Zidane also lost two Champions League finals while playing at Juventus, in 1997 and 1998, and ahead of Saturday's all-German affair at Wembley it is the first of those defeats which naturally springs to mind. The Turin club, having won the competition in the previous year and just secured the Serie A title, arrived at Munich's Olympic Stadium widely expected to defeat Ottmar Hitzfeld's Borussia Dortmund. But they lost 3-1, with Zidane marked out of the contest by a recently-arrived midfielder from Motherwell called Paul Lambert.
"Borussia Dortmund at the time hadn't had a great season and the team was getting older, guys like [Jürgen] Kohler and [Andreas] Möller, but they were still great and deservedly won," said Zidane. "That shows a lot can happen in one match. A final is just one match. A lot of people make Bayern Munich favourites [to win on Saturday] but I will always remember my first final and how we lost despite being hot favourites to win. That was against Dortmund, too."
Zidane's warning is also based on more recent experience with him having seen Real beaten by Jürgen Klopp's side in the semi-finals of this year's competition, a result he described as a "pain" for the La Liga club. That elimination also, perhaps, hastened José Mourinho's departure from the Bernabéu, with it confirmed in the past week that the Portuguese will leave Real at the end of the season before a widely expected return to Chelsea.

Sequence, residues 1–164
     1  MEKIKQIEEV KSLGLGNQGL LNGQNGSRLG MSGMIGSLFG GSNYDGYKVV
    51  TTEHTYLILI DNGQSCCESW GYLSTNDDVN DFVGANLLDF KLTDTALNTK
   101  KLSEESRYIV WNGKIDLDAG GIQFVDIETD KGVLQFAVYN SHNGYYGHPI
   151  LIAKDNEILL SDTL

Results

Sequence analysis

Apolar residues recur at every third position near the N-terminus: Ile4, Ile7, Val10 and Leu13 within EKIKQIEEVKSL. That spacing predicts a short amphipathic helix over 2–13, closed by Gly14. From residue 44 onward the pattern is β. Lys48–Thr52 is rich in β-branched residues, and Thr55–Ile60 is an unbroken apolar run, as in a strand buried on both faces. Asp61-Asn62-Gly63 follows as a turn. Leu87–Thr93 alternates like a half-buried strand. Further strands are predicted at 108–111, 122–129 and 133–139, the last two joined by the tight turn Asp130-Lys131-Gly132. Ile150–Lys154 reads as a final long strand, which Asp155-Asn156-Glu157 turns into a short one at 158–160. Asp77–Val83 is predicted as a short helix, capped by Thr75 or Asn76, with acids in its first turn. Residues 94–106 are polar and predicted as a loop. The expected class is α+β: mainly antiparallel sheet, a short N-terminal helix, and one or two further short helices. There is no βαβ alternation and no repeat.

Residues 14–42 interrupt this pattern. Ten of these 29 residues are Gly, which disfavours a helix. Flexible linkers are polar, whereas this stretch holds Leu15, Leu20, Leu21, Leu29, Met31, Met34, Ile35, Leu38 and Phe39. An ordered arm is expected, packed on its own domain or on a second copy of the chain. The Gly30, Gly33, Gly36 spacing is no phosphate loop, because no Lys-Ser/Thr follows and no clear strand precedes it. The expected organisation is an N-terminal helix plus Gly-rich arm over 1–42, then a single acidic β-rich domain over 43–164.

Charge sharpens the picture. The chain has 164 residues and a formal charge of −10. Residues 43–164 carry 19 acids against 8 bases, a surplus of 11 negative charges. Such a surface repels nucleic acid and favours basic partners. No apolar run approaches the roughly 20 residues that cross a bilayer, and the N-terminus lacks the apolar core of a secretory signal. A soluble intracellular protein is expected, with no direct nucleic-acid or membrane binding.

"For the time being he's still at Madrid and there are two matches left of the season," said Zidane, who worked alongside Mourinho as Real's sporting director for a 13-month spell up to last September. "What happens on the pitch will show if [him going back to Chelsea] was a good idea or not, but when you're a very well-known coach there is pressure on you anyway.
"I don't think his confidence will be dented [from having failed to win any trophies with Real this season]. Obviously he will be disappointed but he still has a lot of trust in what he does and what he says."
As far as his own future is concerned Zidane is clear in his desire to enter management. It is close to seven years since he retired as player, with the final act of a glittering career that startling headbutt on Marco Materazzi in the 2006 World Cup final, and since then the 40-year-old has combined high-level duties at Real with a coaching role at the club's youth academy as well as the completion of coaching qualifications back home in France, in Limoges and Paris.
"I have ambitions," said the Frenchman, who appears as lean and healthy as he did in his prime. "I am very happy doing what I'm doing at the moment; working with youngsters at Real, but I would definitely like to run a club one day. I have no idea which club it would be, but that is definitely my aim."
Zinedine Zidane was speaking at the adidas lab, showcasing the latest innovations at the cutting edge of football. For more information visit www.adidas.com/football or join the conversation @adidasfootball #adidaslab
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image: © Matt Boulton